French Foreign Legion

Are these guys actually any good? saw a programme about them a while ago, the training was pretty tough, although I imagine their bark is alot worse than their bite.

<Insert french joke here>


They can easily outrun the British army so long as they’re running away from the enemy :D
haven't got a french joke for you but there is a channel 4 series being repeated on sky 529 @ 10 p.m called escape to the legion. Am not sure if you know the score on it but its three ex-legionnares running a course for 15 or so civvies , something along the lines of sas-tough enough, does seem quite interesting. One of the sgts from the show was posting on here a while ago,

sgt glen ferguson
I suppose the best that can be said is that the French Foreign Legion certainly used to be very good, and an awful lot bigger than it is today - I recall a figure of some 7,500 all ranks as opposed to 30,000-40,000 at the time of the war in Indochina. There is a certain school of thought - which I partly subscribe to - which believes that the Legion was emasculated by French politicians after the failed putsch in 1961, and has been kept on a short leash since that time, apart from the occasional 'fire brigade' deployment in the former colonies. Its role has also changed, primarily due to its size. I have also heard it said that the influx of so many volunteers from Eastern Europe, the wider former Soviet Bloc, and the Balkans since 1989 has lowered the standard of légionnaire and consequently the Legion itself. It still has the finest esprit de corps and ethos of any French military unit, which granted wouldn't be too difficult when one remembers that a predominantly conscript army has only been phased-out in France of late for the first time since the Revolution of 1789.

The following links are of interest:
Worked with a lad who was ex legion. Basic is 15 weeks before 'white kepi' however a phase two type training is carryed out when you get posted to your unit as each unit has a different role, and thats supposed to be nails as your getting thrashed by your 'on the ground' heads rather than a training team in an RTC.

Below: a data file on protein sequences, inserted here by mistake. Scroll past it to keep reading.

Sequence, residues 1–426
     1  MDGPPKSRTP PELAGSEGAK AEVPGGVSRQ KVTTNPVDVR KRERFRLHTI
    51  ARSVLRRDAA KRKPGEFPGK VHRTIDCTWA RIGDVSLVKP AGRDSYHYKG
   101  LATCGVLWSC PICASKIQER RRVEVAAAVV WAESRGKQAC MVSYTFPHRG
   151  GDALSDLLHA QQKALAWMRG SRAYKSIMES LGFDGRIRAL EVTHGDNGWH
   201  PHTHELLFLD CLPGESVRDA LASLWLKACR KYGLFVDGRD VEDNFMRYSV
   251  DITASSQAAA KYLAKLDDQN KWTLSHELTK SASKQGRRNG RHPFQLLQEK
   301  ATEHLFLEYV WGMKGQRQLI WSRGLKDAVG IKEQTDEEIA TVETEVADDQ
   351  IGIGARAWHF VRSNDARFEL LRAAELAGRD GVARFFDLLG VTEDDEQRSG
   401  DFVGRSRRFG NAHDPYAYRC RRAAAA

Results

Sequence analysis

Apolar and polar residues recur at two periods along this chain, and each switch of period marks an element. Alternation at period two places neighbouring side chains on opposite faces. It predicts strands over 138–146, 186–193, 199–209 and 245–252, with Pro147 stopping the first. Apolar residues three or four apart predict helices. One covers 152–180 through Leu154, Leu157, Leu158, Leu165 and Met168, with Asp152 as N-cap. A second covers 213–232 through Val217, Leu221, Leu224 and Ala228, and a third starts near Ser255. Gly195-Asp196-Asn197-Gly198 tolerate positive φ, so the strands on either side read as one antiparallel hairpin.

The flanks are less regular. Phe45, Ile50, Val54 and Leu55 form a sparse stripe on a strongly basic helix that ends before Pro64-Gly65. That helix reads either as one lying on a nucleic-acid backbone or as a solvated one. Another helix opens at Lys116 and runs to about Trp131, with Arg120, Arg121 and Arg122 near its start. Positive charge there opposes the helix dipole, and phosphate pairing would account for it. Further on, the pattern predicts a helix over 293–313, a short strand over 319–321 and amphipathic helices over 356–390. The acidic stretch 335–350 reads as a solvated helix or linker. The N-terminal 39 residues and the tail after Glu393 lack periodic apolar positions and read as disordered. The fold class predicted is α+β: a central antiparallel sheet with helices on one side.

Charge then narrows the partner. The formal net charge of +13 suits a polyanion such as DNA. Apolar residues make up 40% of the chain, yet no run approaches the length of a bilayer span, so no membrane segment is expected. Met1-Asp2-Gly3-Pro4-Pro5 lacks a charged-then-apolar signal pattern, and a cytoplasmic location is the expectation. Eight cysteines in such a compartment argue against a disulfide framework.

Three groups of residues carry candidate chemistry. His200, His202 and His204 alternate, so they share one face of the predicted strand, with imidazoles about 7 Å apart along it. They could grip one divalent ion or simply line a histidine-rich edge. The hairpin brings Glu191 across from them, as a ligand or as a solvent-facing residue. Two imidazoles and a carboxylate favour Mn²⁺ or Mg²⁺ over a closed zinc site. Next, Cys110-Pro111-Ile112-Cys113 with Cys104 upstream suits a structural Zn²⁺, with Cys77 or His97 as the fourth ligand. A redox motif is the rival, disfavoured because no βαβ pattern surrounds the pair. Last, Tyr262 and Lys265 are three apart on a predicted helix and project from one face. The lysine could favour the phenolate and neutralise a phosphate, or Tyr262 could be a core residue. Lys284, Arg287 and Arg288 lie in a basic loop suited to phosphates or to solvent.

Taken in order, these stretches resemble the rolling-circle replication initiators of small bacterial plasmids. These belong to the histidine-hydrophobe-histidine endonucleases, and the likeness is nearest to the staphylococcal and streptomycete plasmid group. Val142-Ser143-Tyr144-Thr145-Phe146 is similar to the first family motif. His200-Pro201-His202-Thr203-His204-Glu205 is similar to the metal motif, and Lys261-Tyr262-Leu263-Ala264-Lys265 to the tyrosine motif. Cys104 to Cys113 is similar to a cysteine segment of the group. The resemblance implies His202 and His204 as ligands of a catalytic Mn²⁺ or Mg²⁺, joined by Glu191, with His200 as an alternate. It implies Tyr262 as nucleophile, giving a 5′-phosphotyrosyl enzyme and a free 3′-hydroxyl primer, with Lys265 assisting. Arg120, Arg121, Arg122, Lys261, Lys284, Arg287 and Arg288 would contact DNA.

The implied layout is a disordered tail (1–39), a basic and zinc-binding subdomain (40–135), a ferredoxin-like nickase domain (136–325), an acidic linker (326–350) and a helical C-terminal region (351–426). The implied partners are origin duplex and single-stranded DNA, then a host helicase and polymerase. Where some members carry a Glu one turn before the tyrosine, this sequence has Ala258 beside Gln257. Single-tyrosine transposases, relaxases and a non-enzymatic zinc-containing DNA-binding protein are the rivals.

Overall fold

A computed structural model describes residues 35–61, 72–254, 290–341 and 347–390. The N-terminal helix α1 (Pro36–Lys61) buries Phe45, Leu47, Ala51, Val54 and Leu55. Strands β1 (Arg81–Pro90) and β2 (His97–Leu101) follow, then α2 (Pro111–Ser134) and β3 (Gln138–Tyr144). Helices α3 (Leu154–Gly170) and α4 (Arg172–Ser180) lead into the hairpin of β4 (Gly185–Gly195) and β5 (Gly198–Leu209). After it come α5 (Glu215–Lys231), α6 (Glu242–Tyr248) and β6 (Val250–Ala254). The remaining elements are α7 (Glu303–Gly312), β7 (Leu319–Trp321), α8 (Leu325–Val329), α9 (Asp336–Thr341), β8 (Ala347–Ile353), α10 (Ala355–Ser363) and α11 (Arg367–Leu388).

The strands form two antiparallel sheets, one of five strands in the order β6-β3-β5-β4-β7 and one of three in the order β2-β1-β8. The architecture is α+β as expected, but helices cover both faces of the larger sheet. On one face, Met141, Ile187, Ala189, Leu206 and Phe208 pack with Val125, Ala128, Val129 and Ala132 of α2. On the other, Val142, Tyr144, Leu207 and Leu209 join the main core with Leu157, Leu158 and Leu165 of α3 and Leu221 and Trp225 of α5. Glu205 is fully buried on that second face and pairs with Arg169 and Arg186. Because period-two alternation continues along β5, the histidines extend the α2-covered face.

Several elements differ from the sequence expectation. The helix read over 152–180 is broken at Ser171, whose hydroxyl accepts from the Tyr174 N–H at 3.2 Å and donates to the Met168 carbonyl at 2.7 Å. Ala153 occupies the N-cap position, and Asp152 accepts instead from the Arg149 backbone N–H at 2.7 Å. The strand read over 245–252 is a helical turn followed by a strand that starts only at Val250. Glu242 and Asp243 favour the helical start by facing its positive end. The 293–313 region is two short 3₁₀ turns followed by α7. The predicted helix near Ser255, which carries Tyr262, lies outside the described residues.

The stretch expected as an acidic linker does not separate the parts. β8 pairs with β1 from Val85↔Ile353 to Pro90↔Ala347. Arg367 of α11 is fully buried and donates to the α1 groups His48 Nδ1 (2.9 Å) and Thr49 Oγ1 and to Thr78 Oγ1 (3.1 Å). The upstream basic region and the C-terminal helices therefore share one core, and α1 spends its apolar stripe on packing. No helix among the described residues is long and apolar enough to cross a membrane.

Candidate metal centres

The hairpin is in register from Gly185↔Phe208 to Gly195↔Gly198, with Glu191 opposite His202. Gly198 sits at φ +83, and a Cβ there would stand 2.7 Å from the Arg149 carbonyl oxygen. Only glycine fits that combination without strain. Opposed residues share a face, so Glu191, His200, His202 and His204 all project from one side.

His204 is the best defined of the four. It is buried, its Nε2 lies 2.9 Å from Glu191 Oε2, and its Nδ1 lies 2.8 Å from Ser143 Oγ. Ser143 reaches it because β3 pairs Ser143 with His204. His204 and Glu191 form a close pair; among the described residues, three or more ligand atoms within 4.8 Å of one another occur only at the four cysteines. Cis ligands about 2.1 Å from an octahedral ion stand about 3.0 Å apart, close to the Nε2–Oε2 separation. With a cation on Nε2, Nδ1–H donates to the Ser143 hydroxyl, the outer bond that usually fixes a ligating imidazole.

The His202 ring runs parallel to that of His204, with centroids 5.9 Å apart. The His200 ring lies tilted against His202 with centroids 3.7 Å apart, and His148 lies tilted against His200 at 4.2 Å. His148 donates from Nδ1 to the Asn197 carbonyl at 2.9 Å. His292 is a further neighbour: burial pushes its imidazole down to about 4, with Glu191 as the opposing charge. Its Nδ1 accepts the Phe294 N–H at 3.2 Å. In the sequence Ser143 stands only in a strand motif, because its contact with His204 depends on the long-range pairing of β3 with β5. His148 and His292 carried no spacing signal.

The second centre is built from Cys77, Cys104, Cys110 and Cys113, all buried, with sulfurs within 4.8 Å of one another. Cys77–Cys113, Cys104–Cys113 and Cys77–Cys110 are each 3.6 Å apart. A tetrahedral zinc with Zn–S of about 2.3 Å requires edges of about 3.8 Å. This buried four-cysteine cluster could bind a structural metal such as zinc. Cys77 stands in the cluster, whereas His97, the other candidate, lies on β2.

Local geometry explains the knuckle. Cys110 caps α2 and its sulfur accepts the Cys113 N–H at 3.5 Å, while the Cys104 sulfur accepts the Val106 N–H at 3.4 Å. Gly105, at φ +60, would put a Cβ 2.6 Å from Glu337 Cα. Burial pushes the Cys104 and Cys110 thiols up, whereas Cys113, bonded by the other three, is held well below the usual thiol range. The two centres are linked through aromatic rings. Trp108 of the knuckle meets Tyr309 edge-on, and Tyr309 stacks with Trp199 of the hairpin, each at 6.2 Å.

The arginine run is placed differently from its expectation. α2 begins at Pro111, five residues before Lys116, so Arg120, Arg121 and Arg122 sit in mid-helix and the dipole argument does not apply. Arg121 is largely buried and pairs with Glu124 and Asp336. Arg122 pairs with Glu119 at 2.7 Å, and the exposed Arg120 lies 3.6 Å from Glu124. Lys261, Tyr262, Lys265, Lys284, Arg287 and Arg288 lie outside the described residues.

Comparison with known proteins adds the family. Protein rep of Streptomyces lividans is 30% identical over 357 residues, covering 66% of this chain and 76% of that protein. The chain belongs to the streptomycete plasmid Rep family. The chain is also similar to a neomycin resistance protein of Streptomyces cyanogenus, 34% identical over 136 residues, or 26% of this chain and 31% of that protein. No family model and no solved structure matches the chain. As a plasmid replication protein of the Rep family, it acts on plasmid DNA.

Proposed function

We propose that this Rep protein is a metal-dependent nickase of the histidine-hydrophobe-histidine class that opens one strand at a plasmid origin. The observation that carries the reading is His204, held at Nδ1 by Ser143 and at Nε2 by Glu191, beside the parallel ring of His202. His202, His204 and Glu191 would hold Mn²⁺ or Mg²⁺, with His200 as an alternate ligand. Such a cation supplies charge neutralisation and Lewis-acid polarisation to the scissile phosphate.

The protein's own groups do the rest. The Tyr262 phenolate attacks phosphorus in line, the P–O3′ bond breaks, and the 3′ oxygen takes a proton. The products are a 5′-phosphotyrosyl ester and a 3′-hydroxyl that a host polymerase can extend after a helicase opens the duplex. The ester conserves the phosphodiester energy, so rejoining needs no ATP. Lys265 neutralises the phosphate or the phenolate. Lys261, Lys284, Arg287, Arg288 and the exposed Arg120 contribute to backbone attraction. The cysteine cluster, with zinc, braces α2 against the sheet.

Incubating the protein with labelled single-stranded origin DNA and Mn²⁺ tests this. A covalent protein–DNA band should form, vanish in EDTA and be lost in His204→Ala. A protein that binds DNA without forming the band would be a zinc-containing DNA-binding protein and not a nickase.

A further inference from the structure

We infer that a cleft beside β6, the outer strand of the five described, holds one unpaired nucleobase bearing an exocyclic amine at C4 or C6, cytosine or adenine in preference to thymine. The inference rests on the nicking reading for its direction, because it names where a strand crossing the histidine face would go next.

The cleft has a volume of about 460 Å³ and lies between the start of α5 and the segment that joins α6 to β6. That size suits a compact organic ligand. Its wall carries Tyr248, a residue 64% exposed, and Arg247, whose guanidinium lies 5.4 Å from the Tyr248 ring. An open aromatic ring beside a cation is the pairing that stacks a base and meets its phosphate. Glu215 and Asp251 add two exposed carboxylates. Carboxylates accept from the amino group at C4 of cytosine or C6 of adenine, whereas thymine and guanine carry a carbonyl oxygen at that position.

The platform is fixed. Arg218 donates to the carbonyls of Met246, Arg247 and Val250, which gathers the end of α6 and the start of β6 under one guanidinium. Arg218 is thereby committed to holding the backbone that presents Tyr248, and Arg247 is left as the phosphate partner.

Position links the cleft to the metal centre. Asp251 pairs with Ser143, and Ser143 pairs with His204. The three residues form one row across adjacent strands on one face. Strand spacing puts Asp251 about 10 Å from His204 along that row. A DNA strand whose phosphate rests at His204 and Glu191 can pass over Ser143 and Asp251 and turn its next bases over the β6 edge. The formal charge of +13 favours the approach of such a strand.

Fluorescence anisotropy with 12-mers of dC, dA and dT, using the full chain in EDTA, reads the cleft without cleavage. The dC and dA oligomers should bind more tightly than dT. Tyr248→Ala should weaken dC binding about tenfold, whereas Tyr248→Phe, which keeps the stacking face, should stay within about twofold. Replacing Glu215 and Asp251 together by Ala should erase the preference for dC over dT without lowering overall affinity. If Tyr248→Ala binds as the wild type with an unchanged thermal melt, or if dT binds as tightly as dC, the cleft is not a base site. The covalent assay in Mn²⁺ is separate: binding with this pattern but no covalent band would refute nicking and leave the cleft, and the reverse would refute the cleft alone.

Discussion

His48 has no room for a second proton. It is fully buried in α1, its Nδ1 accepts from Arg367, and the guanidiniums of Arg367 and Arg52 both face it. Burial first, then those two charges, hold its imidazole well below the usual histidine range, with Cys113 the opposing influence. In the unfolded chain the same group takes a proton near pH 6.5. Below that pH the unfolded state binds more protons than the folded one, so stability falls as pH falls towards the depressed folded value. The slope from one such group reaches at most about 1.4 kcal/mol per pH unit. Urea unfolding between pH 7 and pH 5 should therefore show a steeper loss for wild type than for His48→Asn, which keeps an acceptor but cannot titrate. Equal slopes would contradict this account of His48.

Phys for basic I think is pretty similar to the like of para/booty type basic, gota knock out a 2.6km run, do a few 6-8 mile load carrys in, 'just before my legs give way' time
My sister in law's cousin is in it (he's Irish). Very strange guy. But he seems to like it. Whatever spins your props I suppose. They do get to visit alot of shitholes but then again, the money is good.
the_matelot said:
My sister in law's cousin is in it (he's Irish). Very strange guy. But he seems to like it. Whatever spins your props I suppose. They do get to visit alot of shitholes but then again, the money is good.
Friend of mine done over 15 years in the Legion. He is a member of the Foreign Legion Association of Great Britian who march yearly at the Cenotaph. I recently toured France and was given a list of former legionnares by him if I wanted to stay out of Hotels. Excellent bunch of guys, very welcoming and friendly.
MY dad sered in the 2REP from 1985 to 1995and was a caporal chef for 10 years after leavin the british forces hes said it was the best and worst 10 years of his life i might join for the fun of it :D
Had to do a bit of FFL research when I threw my Bravo Two Zero Alternative together.